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Article

Worldwide, governments subsidize agriculture at the rate of approximately 1 billion dollars per day. This figure rises to about twice that when export and biofuels production subsidies and state financing for dams and river basin engineering are included. These policies guide land use in numerous ways, including growers’ choices of crop and buyers’ demand for commodities. The three types of state subsidies that shape land use and the environment are land settlement programs, price and income supports, and energy and emissions initiatives. Together these subsidies have created perennial surpluses in global stores of cereal grains, cotton, and dairy, with production increases outstripping population growth. Subsidies to land settlement, to crop prices, and to processing and refining of cereals and fiber, therefore, can be shown to have independent and largely deleterious effect on soil fertility, fresh water supplies, biodiversity, and atmospheric carbon.

Article

The terms “land cover” and “land use” are often used interchangeably, although they have different meanings. Land cover is the biophysical material at the surface of the Earth, whereas land use refers to how people use the land surface. Land use concerns the resources of the land, their products, and benefits, in addition to land management actions and activities. The history of changes in land use has passed through several major stages driven by developments in science and technology and demands for food, fiber, energy, and shelter. Modern changes in land use have been increasingly affected by anthropogenic activities at a scale and magnitude that have not been seen. These changes in land use are largely driven by population growth, urban expansion, increasing demands for energy and food, changes in diets and lifestyles, and changing socioeconomic conditions. About 70% of the Earth’s ice-free land surface has been altered by changes in land use, and these changes have had environmental impacts worldwide, ranging from effects on the composition of the Earth’s atmosphere and climate to the extensive modification of terrestrial ecosystems, habitats, and biodiversity. A number of different methods have been developed give a thorough understanding of these changes in land use and the multiple effects and feedbacks involved. Earth system observations and models are examples of two crucial technologies, although there are considerable uncertainties in both techniques. Cross-disciplinary collaborations are highly desirable in future studies of land use and management. The goals of mitigating climate change and maintaining sustainability should always be considered before implementing any new land management strategies.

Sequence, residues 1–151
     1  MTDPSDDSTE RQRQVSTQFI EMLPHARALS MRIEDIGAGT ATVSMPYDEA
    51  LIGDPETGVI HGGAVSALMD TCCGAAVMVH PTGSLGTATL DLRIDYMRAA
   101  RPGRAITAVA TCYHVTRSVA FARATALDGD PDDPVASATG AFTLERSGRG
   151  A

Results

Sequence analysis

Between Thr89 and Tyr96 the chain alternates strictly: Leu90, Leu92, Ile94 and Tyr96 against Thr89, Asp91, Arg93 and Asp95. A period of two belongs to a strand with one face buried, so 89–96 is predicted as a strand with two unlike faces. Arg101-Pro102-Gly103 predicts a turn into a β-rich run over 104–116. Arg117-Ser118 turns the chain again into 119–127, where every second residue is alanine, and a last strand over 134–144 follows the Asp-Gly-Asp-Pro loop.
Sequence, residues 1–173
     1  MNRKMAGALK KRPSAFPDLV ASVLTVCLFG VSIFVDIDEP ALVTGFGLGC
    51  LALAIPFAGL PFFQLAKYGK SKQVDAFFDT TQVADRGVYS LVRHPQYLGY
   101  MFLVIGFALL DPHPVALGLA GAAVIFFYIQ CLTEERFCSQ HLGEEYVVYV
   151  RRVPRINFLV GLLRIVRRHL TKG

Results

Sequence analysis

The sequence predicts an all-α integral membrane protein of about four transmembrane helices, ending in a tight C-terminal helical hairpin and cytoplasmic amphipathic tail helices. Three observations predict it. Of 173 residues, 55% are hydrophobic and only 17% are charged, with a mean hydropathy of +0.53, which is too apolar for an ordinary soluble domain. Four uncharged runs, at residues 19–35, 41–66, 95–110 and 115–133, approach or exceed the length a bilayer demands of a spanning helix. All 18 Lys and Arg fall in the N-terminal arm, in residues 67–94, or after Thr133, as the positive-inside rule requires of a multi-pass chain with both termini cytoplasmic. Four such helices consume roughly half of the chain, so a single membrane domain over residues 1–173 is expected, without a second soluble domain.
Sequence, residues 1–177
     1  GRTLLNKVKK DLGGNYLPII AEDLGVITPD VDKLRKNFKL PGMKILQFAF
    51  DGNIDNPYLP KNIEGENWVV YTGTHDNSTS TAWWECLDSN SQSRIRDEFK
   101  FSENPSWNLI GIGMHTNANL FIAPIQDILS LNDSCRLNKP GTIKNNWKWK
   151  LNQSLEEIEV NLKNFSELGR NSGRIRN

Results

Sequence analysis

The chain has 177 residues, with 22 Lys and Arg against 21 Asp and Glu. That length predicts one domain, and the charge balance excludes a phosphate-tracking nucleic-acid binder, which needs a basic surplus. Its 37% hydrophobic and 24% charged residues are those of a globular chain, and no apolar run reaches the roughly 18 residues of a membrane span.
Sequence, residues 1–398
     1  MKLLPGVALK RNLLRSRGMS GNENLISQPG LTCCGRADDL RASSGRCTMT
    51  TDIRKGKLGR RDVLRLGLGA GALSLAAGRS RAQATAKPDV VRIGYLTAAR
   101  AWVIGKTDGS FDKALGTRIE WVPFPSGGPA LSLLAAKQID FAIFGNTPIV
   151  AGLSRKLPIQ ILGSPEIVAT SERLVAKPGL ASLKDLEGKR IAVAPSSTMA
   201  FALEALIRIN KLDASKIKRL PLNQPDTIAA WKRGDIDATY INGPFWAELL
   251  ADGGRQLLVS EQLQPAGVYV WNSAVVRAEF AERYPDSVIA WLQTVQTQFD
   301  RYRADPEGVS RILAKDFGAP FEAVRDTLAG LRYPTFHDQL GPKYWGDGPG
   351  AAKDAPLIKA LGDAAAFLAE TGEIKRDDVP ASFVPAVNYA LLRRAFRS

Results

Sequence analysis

Article

The development of information infrastructures that make ecological research data available has increased in recent years, contributing to fundamental changes in ecological research. Science and Technology Studies (STS) and the subfield of Infrastructure Studies, which aims at informing infrastructures’ design, use, and maintenance from a social science point of view, provide conceptual tools for understanding data infrastructures in ecology. This perspective moves away from the language of engineering, with its discourse on physical structures and systems, to use a lexicon more “social” than “technical” to understand data infrastructures in their informational, sociological, and historical dimensions. It takes a holistic approach that addresses not only the needs of ecological research but also the diversity and dynamics of data, data work, and data management. STS research, having focused for some time on studying scientific practices, digital devices, and information systems, is expanding to investigate new kinds of data infrastructures and their interdependencies across the data landscape. In ecology, data sharing and data infrastructures create new responsibilities that require scientists to engage in opportunities to plan, experiment, learn, and reshape data arrangements. STS and Infrastructure Studies scholars are suggesting that ecologists as well as data specialists and social scientists would benefit from active partnerships to ensure the growth of data infrastructures that effectively support scientific investigative processes in the digital era.

Article

Johanna Brühl, Leonard le Roux, Martine Visser, and Gunnar Köhlin

The water crisis that gripped Cape Town over the 2016–2018 period gained global attention. For a brief period of time in early 2018, it looked as if the legislative capital of South Africa would become the first major city in the world to run out of water. The case of Cape Town has broad implications for how we think about water management in a rapidly urbanizing world. Cities in the global South, especially, where often under-capacitated urban utilities need to cope with rapid demographic changes, climate change, and numerous competing demands on their tight budgets, can learn from Cape Town’s experience. The case of Cape Town draws attention to the types of decisions policymakers and water utilities face in times of crisis. It illustrates how these decisions, while being unavoidable in the short term, are often sub-optimal in the long run. The Cape Town drought highlights the importance of infrastructure diversification, better groundwater management, and communication and information transparency to build trust with the public. It also shows what governance and institutional changes need to be made to ensure long-term water security and efficient water management. The implementation of all of these policies needs to address the increased variability of water supplies due to increasingly erratic rainfall and rapidly growing urban populations in many countries. This necessitates a long-term planning horizon.